I know what you are thinking, if I only need to keep that information for 3 or 4 years what is the problem? You are perfectly correct and by choosing digital you have chosen the right product. However, what if some of that information e.g. Staff, Pension, Medical, Life Assurance, Financial, Business critical and Historical information, needs to be kept for 5, 10, 20, 50 or an indefinite number of years? What about information that needs to be kept for legal, policy and value reasons?
This is where microfilm fits in and just like paper it is here to stay except that microfilm takes up to 98% less space than paper and it is significantly cheaper to produce duplicates for security and disaster recovery reasons. However the main reason for the resurgence in microfilm is its perfect fit with digital technology. A very recent AIIM White Paper entitled “Availability and Preservation – Long term Availability and Preservation of Digital Information” supports this view. I quote: – “Current [microfilm] retrieval technology is interoperable with digital systems”, “By rendering digital information to microfilm as uncoded, analogue images, Organisations may create technology-proof repositories” and ultimately “The marriage of a sensibly managed digital archive to a Reference [microfilm] Archive should provide an economical short-, mid-, and long term solution to the availability and preservation of digital information”. To obtain your copy of this White Paper contact AIIM UK at (0)1753 592 769 or AIIM US on 301 587 8202.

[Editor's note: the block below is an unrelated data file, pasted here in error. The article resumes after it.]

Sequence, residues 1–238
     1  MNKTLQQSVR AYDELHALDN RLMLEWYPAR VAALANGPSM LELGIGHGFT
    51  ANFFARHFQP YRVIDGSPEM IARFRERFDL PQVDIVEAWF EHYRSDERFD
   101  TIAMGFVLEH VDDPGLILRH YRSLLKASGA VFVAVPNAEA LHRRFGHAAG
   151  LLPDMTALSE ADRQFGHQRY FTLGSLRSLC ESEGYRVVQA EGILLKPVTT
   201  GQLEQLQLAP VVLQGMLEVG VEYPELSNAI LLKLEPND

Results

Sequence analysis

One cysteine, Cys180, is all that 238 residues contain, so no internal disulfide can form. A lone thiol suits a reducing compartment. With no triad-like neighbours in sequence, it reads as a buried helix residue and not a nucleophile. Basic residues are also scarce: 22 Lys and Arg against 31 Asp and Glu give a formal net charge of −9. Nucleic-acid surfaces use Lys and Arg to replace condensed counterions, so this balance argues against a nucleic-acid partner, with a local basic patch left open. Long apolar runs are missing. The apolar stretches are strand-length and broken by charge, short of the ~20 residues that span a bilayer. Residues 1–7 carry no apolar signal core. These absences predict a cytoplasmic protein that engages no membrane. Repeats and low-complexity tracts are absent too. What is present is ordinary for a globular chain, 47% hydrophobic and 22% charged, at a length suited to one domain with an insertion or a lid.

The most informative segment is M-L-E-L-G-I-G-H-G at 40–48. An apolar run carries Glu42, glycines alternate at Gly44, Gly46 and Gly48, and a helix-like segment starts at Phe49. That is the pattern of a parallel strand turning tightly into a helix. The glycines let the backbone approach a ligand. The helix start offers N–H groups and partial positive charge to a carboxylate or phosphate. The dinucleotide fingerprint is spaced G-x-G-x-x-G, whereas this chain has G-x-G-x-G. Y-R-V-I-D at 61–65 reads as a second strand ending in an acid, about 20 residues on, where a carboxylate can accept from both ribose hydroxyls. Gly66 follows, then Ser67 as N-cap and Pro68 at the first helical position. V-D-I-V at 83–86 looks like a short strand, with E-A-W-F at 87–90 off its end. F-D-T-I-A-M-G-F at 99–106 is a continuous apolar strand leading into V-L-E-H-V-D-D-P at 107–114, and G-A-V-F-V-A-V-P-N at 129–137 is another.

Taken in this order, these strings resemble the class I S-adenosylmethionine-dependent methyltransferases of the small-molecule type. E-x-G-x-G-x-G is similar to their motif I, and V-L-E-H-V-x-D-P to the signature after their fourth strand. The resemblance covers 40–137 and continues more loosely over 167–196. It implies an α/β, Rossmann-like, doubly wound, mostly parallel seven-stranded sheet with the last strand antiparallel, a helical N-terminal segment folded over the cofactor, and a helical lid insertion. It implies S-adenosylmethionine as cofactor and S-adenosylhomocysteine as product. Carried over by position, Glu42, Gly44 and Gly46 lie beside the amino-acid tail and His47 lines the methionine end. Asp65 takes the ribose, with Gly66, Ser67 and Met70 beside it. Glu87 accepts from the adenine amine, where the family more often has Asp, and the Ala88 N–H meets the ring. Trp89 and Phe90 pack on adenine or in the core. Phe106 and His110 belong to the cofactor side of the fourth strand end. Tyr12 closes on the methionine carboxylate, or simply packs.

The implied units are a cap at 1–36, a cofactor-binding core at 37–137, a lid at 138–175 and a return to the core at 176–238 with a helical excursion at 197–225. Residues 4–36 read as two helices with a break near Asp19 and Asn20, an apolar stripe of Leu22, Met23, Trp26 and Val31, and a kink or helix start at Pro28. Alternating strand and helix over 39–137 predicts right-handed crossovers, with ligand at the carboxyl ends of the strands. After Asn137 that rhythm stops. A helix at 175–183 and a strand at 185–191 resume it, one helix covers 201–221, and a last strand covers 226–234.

A great number of hybrid systems are now being bought that use digital for the distribution and access of information but are using microfilm for the preservation of the important and historical information. In other words microfilm is being used as a safety net for digital information. There have been some excellent recent examples of this:
State of Michigan makes it law that any government information that needs to be kept for longer than 10 years must have one copy stored in an analogue format i.e. paper or film.